Slough Feg (The Lord Weird) - Atavism 4/5

Reviewed: 9-9-05


1. Robostus
2. I will kill you/You will die
3. Portcullis
4. Hiberno-Latin invasion
5. Climax of a generation
6. Atavism
7. Eumaeus the swineherd
8. Curse of Athena
9. Agnostic grunt
10. High season V
11. Starport blues
12. Man out of time
13. Agony slalom
14. Atavism ll

It's hard to find a higher epitome of that word in a band that is also somehow completely within the confines of a genre which is still, without doubt, unabashedly, unreservedly and purely melodic and fantasy oriented heavy metal. With hordes of melodic European metal dealing out death to dragons from brightly clad fantasy warriors in catchy sing-a-longs, it is amazing how this Northern Californian band can somehow be so different yet still so strong. Of course, for the sake of utility, it helps to give listeners some idea what range this band covers if they have never heard them before this, their 5th CD. The closest and easiest comparison is to the mighty Kansas cult warriors of Manilla Road, not that they are in any way directly derivative, but they offer many of the same important elements, in addition to the solidly unique style, including powerful, emotive, and thoroughly recognizable vocals; a dark, brooding tone to the metal music; well written and intriguingly poetic fantasy lyrics; and undeniably catchy, melodic hooks.

Song titles like "Hiberno-Latin invasion", "Eumaeus the swineherd", and "Agony slalom" give you some idea of what you are about to face. The lyrics are the rough hewn imagery of Robert Howard's most savage Pictish warriors, melded with intriguing thoughtfulness, philosophy, and a deft poetic touch and instinct. Guitarist and vocalist Mike Scalzi is the dominant central force with the band, but 2nd guitarist Angelo Tringali on this CD allows the type of devastating interplay that is beloved of fans of truly Maiden styled metal. Greg Haa provides the drums, not overly showy, but well integrated into the feeling of the band, and Adrian Maestas lays down the rumbling, stormy bass.

It should be noted that this CD returns a bit to the more eclectic, free-form original style of 'Twilight of the idols' after a slightly more straightforward, but no less excellent Down Among the Deadmen, and an even more crushing traditional metal sci-fi concept opus in Traveller. Truth be told, for all my gushing, I'm not sure I didn't prefer Traveller, but this can't really disappoint too much. The beginning of the first real song on 'Atavism', "I will kill you/You will die" (a rather ironically direct/over-the-top title for the band) blasts you with the first hooks of infectious melody that impose their imperial will on you, and yet, with that ever so slightly roughened edge that is more of ancient, tattoo clad Briton warrior with rough hewn spear and club than shining high fantasy proto-hero. Contrast this with the title track, an achingly beautiful and powerful acoustic ballad that is devastating in its delicacy. Not sure I understand what appears to be the football metaphor somewhere in that track, but there you go. The CD continues delivering a powerful succession of rousing, purely guitar based metal anthems, intricate musical flights, and emotional and compelling musical sections. The 2nd part of the title track delivers a more epic, diverse piece of metal anthemry that seems to demonstrate all of these factors and elements within a single song.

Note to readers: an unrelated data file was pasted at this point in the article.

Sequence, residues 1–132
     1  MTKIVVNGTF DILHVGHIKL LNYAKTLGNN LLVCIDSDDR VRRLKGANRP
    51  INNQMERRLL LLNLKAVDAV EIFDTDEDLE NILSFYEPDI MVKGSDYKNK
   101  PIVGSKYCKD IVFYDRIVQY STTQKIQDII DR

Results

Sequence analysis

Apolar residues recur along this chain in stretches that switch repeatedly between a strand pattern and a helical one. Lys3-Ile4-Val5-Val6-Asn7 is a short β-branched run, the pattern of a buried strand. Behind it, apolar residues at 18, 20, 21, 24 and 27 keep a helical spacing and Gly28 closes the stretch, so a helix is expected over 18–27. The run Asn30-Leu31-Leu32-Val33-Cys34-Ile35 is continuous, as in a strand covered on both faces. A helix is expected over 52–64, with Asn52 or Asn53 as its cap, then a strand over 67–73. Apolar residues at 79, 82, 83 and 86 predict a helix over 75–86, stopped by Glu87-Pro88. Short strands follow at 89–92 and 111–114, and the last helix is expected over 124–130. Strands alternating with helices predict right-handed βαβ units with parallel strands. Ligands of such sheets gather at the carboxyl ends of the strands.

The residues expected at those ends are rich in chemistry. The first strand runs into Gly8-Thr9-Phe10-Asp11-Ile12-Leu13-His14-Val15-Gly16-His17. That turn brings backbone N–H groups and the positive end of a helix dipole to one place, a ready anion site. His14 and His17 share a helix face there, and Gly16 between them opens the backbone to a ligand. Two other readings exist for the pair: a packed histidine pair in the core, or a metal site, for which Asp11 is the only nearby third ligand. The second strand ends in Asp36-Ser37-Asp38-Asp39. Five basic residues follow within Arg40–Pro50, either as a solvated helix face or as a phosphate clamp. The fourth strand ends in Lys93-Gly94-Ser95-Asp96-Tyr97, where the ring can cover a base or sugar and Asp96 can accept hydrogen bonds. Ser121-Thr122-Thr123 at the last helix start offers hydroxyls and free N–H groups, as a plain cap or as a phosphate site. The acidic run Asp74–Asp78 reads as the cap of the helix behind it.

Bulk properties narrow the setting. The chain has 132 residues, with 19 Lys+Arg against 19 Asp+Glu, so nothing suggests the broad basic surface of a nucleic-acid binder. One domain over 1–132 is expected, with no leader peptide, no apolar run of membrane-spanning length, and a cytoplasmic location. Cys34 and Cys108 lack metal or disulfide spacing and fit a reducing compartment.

Overall, the production is really outstanding on this CD, with prominent presentation of the superbly engaging vocals, and the rich, melody laden lead guitar tone is perfect for this band and their unique style. There is quite a bit of Maiden in the guitar leads, in a good way, that represents the band's style. As best I understand it, if the band hasn't now actually officially shortened the name, The Lord Weird Slough Feg is actually the name of the band, but as you can imagine, quite frequently shortened to Slough Feg. (Hmm, I gotta say, from a marketing perspective, giving yourself 3 possible alphabetic entries where your band could be listed may make it harder for people to find you then it should be.)

This 14 track CD features numerous instrumentals, and, I must admit, there are times where the feeling "wanders" a bit for me, just like the end of 'Twilight of the idols', or, for instance, some of the noisier sections of Manilla Road's 'Court of Chaos'. Not all of me is completely and utterly in love with all of the departures from a more traditional style and structure. But nevertheless, the CD offers enough incredible power, melody, metal majesty, and unconventional glory, that if you're not afraid of something that is, within the bonded arena of something metal and melodic, is diametrically opposed to Hammerfall and Stratovarius, while delivering tremendously high quality, this is a recommended listen.




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